by Spencer Quinn
Chet might have flunked out of police school (“I’d been the best leaper in K-9 class, which had led to all the trouble in a way I couldn’t remember exactly, although blood was involved”), but he’s a detective through and through. In Dog On It, Chet and Bernie investigate the disappearance of a teenaged girl who may or may not have been kidnapped, but who has definitely gotten mixed up with some very unsavory characters.This is another book read with Donald. It was a good thing it was a read-aloud book (much of the reading done on road trips), because if I'd been reading alone, I might not have finished it. It's not that the book is really bad... but rather, it's not especially good.
Readers will be instantly captivated by Chet’s doggy ways and his endearingly hard-boiled voice. Full of heart and occasionally prone to mischief, he is intensely loyal to Bernie, who, though distracted by issues that Chet has difficulty understanding—like divorce, cash flow, and child custody—is enormously likeable himself, in his flawed, all-too-human way. There’s genuine suspense and intrigue, combined with humor and deep insight into the bond between dog and man.
The strongest point is definitely "Chet's doggy ways". People who have lived around dogs will find themselves chuckling knowingly or nodding in recognition, because, yes, dogs do this or that. The main characters (Bernie and Suzie) are somewhat likeable, as well. They seem like decent people.
Now for the "not so good": The mystery is definitely nothing special. I haven't read many (any?) modern niche/cozy mysteries of this kind, but I suspect this is about on par with the bulk of them. The mystery isn't what you're really there for (or if it is, you're in for a disappointment); it's almost an afterthought-- a delivery system for the inside jokes of soap-making or knitting-- or in this case, dog-owning.
Chet has super-canine (as opposed to super-human) abilities. A smart dog understands a lot more than most people realize-- but Chet is some sort of dog genius. His grasp of language is astounding! There probably wasn't an easy way around that, because the story is told from his point of view. It would be very limiting (if not impossible) to tell a story from a realistic doggy point of view. However, there's a time or two when Chet does things that seem unrealistic beyond his uncanny language comprehension. It's just a little silly.
Some of the action sequences require a substantial amount of the willing suspension of disbelief. Action sequences in text rarely impress me. (Sometimes they can't even impress me when they're presented on the screen.)
Earlier, I mentioned that the "doggy ways" are the best part of the book. I stand by that, but I will add this caveat-- some of those doggy ways are stretched to their limits, repeated multiple times over the course of the novel. You could possibly argue that this was intentional. Chet's a dog with a dog's different style of memory. So he repeats himself. No big deal; lots of people do that, too! Still, it gets a little old after a while, and I wonder if it continues into the other books in the series.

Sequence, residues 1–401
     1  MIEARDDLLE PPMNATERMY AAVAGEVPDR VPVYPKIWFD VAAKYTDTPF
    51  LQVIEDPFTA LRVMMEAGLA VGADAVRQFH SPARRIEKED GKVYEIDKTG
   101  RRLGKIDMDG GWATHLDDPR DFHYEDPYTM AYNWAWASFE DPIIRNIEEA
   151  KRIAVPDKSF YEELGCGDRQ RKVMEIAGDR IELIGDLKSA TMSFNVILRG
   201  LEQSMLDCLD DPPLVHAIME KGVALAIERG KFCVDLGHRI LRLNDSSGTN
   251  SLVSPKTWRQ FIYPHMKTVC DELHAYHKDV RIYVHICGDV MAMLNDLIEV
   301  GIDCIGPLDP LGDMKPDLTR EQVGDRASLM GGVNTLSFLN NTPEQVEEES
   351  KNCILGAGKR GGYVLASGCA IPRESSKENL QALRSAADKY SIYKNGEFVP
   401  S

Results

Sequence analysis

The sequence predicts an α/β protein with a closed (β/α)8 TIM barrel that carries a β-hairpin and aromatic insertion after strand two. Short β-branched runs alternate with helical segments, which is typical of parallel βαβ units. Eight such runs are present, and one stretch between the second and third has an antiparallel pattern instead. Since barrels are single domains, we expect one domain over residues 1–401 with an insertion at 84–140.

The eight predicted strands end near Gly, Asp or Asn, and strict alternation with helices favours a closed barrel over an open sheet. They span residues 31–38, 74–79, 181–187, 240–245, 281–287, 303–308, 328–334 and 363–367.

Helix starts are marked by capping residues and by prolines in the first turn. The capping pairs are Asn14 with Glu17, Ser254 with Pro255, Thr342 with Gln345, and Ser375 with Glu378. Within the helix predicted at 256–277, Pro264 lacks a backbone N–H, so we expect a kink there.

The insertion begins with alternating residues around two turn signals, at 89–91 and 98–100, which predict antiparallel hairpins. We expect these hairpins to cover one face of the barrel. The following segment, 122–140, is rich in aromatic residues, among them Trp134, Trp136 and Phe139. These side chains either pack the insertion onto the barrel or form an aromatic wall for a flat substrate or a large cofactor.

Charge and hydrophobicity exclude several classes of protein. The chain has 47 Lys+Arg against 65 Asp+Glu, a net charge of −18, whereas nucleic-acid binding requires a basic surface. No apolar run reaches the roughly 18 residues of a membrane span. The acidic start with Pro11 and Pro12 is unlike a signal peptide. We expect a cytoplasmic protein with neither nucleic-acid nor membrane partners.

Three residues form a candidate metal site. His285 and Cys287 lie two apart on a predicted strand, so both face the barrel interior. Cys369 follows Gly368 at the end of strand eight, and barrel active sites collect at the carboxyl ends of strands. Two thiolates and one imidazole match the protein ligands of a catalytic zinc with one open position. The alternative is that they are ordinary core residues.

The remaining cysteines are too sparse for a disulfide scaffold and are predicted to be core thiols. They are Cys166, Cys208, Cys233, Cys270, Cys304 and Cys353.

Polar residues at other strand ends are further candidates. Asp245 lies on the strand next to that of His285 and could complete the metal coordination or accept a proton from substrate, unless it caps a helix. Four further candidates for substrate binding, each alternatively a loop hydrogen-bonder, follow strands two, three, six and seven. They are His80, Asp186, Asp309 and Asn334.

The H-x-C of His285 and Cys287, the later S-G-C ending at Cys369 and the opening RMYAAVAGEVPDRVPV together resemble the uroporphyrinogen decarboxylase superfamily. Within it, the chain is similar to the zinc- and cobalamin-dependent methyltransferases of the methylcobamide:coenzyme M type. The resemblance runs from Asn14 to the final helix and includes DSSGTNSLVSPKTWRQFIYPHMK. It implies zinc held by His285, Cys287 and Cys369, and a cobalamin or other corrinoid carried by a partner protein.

I was a little surprised to find a few instances of foul language in this book. If not for that, it could have been fine for even children (as far as I can recall, at least). Well, maybe kids wouldn't be interested in the references to money trouble, divorced couples, and child custody... (Honestly, I wasn't that interested in those things, either, and I'm supposedly an adult, even though I feel about the same as I ever have...) Since it's all told from a dog's perspective, it might be more interesting to kids than the average cozy mystery... I suppose I ought to stop being surprised by all the cursing in modern novels. I can't help it, though; I remain easily surprised.
The thing that bothered me most about this book was when the groomer found a lump on Chet. I hate that word "lump". I don't even like it when used to refer to gravy. I may have a slight word-phobia about it, even... It just really, really bothers me. So when I saw it in the book, I was hoping it would turn out to be nothing more than scar tissue from one of his injuries (knives, cars, wildcats... guns?). "Gosh, Chet was injured recently-- probably while he was missing. This will somehow provide a clue that leads to the conclusion of our boring mystery!" But then the note fell into the recycling box... and it was never referred to again... and I figured that, oh boy, one of the sequels will deal with Chet battling cancer. I do not want to read a book about a cancer-stricken dog. I don't like depressing, real-life problems of that magnitude in my reading, thanks all the same. I may not be able to banish them from real life so easily, but by golly, I don't have to read novels about them if I don't want to. (And I don't.)
I did a little Googling to try to find out if that storyline does pop up in subsequent books in the series, but I didn't find anything, so I'm not sure... If it never comes up again, it's odd that it wasn't edited out. Also-- unless something happens to the groomer in month or two following the end of the novel, wouldn't she talk to Bernie about it when she came to get Chet for his next grooming? Something like "Why didn't you call me back?"... It's weird.
End of SPOILERS.
Anyway, this is a decent enough book if you like cozy mysteries, private eyes, and dogs, but I'm not sure when or even if I'll get around to reading any of the sequels.